USDOT Details Efforts to Secure Refunds for American Families For Flights Cancelled Due to COVID-19 Pandemic
Today, the U.S. Department of Transportation (USDOT) is releasing a report on its work to address failures of airlines to provide timely refunds for flights cancelled or significantly changed as a result of the COVID-19 pandemic. This report was mandated by President Biden’s Executive Order on Promoting Competition in the American Economy that he issued in July.
Airlines and ticket agents have a legal obligation to provide refunds to consumers if the airline cancels or significantly changes a consumer’s flight. However, in the early months of the COVID-19 pandemic, airlines had difficulty processing the significant volume of refund requests that they received. Many airlines were also initially reluctant to provide the required refunds.
This resulted in USDOT receiving a flood of complaints about carriers’ failures to provide refunds. In the five years before the COVID-19 pandemic, the Department received an average of 17,420 aviation consumer complaints annually with refund complaints accounting for approximately 8.25% of the total. In calendar year 2020, the Department received a total of 102,561 consumer complaints—the highest number on record and an increase of 568.4% from the prior year. The volume remained high for the first half of 2021 with the Department receiving a total of 22,357 consumer complaints. Of the complaints received over this 18 month period, 84.3% concerned refunds.
Today’s report details how the USDOT has devoted considerable time, energy, and effort to ensuring families get their money back and holding airlines accountable. This includes:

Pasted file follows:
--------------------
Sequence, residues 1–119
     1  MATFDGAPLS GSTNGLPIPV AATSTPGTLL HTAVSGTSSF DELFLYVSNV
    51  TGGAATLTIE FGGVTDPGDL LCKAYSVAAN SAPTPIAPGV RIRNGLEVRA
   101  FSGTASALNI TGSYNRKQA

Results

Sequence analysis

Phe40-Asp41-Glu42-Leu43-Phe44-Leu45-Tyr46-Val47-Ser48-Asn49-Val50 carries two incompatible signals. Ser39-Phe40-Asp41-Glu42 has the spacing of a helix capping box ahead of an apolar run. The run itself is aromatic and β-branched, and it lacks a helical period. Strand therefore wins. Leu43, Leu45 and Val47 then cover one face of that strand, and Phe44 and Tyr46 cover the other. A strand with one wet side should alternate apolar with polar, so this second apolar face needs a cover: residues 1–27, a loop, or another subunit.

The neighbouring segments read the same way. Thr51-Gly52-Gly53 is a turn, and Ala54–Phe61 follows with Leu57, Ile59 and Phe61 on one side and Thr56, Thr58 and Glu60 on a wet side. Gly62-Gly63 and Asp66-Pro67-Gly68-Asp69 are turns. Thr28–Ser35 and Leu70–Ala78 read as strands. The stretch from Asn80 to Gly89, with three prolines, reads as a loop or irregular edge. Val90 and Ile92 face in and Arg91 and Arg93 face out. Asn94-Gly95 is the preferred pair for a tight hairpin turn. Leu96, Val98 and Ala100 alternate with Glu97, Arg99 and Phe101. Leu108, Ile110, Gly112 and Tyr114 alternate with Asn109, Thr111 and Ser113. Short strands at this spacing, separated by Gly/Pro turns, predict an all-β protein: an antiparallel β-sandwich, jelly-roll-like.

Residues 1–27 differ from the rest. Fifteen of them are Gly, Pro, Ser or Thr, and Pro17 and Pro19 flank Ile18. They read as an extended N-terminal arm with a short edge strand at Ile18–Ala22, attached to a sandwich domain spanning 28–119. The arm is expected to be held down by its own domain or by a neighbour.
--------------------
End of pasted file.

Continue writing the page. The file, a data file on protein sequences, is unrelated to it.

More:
- DOT issuing 2 enforcement notices on airlines’ obligations to provide refunds;
- DOT initiating investigations against 20 airlines for failing to timely provide refunds, 18 of which are still pending
- DOT issuing a formal complaint against Air Canada seeking a substantial fine for extreme delays in refunds;
- DOT taking steps to increase the number of DOT staff handling consumer complaints by 38%.
To date these efforts have resulted in:
- At least 9 airlines have amended their policies to make clear that passengers are entitled to a refund when a carrier cancels a flight or makes a significant schedule change and are providing refunds as required. Initially, the airlines provided vouchers or credits instead of refunds for non-refunded tickets when the carrier cancelled a flight or made a significant schedule change.
- Thousands of passengers who had initially been denied refunds have received or are receiving the required refunds.
DOT is planning additional steps to protect consumers including:
- Initiating rulemaking that would enhance passengers’ rights when a flight is operating but the passenger decides not to fly because of government restrictions. Current regulations do not cover this situation.
- Moving forward with rulemaking on ancillary fees-- called for in the President’s Executive Order – which would require airlines to increase the transparency of fees for ancillary services.